University To Breathe New Life into Former Fruit and Vegetable Market Site

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The University of Worcester is to breathe new life into one of the City’s most notorious derelict sites.

fruit and veg marketThe University has announced today that it has bought the former fruit and vegetable market in Hylton Road. The site has been derelict for many years and has been owned by a succession of property companies.

The University will now seek planning permission to develop a new indoor sports and multi-purpose arena and active leisure centre on the site. This will prove invaluable for the University’s students and the Worcester community alike.

The University is also in the final stages of acquiring the site of the neighbouring former car showroom and 110 place car park. It plans to turn the former showroom into teaching facilities which will complement the new indoor arena. The car park, located just metres from the Sabrina Bridge, will make a valuable contribution to reducing the pressure on on-street car parking.

Professor David Green, University of Worcester Vice Chancellor, said: “We are delighted that, at last, we have been able to purchase the former fruit and vegetable market site at an affordable price. We have long hoped to be able to develop a major indoor sports and multi-purpose arena within walking distance of the University’s other facilities. This is just ideal.

“The fact that we will be able to put the immediately adjacent redundant car showroom into productive use quickly is a real bonus. It comes with a large car park which will be very useful. This important site, which fronts directly onto the River Severn has been a derelict eyesore for many years. Our aim is to transform this site to enhance the City landscape, and provide excellent facilities for our students and the community.”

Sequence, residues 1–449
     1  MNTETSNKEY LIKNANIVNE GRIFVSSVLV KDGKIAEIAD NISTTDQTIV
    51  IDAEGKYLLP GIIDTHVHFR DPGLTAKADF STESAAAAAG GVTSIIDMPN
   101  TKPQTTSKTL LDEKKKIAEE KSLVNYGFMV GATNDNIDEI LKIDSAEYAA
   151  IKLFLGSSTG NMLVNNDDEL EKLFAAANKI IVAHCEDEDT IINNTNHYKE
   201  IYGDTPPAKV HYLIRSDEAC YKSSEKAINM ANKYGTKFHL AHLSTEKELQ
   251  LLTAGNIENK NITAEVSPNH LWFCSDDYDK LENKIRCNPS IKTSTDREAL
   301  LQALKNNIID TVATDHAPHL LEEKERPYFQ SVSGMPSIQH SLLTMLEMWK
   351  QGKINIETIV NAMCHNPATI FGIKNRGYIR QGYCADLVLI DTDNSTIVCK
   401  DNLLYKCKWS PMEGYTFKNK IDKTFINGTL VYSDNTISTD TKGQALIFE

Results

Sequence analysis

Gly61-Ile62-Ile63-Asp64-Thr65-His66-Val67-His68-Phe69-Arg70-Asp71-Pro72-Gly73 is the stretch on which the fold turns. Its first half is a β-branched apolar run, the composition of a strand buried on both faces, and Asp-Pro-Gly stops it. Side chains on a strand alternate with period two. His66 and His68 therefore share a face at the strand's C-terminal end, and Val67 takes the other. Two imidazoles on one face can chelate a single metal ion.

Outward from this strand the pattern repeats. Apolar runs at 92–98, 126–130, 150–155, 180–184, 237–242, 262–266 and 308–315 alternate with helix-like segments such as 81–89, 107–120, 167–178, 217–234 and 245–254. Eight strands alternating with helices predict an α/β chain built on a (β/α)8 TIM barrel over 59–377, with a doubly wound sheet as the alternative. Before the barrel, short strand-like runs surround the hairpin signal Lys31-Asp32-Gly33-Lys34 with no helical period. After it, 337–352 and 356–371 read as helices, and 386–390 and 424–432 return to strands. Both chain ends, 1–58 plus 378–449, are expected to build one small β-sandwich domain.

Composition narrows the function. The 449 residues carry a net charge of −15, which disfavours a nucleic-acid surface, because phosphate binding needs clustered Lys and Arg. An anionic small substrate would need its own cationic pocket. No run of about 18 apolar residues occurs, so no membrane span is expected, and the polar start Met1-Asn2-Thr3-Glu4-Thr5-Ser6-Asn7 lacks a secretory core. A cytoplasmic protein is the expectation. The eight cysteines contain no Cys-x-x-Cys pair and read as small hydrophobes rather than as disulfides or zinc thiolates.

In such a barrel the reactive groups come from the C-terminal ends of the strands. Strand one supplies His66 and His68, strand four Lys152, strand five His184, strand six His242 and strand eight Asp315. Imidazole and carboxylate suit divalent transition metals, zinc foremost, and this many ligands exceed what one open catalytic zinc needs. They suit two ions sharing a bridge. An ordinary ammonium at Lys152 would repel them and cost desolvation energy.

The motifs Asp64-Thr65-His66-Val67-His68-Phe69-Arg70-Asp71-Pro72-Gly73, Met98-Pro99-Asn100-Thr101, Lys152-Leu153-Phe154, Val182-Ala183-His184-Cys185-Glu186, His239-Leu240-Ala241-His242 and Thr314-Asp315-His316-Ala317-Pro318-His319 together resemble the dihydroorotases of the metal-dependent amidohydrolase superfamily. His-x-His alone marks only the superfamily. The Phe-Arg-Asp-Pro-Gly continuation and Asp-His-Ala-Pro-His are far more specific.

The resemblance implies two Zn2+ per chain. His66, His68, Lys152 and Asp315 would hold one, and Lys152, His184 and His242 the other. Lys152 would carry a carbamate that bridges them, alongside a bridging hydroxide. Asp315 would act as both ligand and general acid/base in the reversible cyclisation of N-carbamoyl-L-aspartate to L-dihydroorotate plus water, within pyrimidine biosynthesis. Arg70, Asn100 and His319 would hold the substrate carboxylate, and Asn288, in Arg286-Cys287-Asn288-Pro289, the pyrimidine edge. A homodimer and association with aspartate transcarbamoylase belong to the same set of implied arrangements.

Mick Donovan, Head of the University’s Institute of Sport and Exercise Science, added: “The University’s acclaimed Learning through Sport programme and many other community initiatives continue to expand and we are continually working with various sports to develop opportunities for participants of all ages. With the introduction of the new arena, we will be able to meet the needs of the regions sporting community whilst also providing a venue that will attract a great range of spectator events to the city.”

The University recently secured the largest award of funded new student numbers for any University in England and needs new facilities for its existing as well as growing student body.

Building work funded by the University is continuing at the former Worcester Royal Infirmary site in Castle Street. The fully refurbished historic buildings will open in September 2010 as a vibrant new home for the University’s Worcester Business School as well as a well-being centre and facilities for part-time mature students on a wide variety of continuing professional development courses. The University also hopes to develop a medical history and discovery centre in partnership with the George Marshall Medical Museum in the former Worcester Royal Infirmary building, where the BMA was founded.

Masterplanners are also working on plans to create a University science, environment and enterprise park at the Grove Farm site on the edge of Worcester which the University acquired for long term development a year ago.

The University, which is consistently in financial surplus, currently injects well over £200 million a year into the regional economy. These developments will increase this further.

Professor Green said: “The University is creating something very special for the 21st century. We are enhancing the facilities we are able to offer our students, while creating many new high quality job opportunities and a wealth of business for the region. We are investing judiciously and sustainably in ways which will transform Worcester and the region as well as the University.”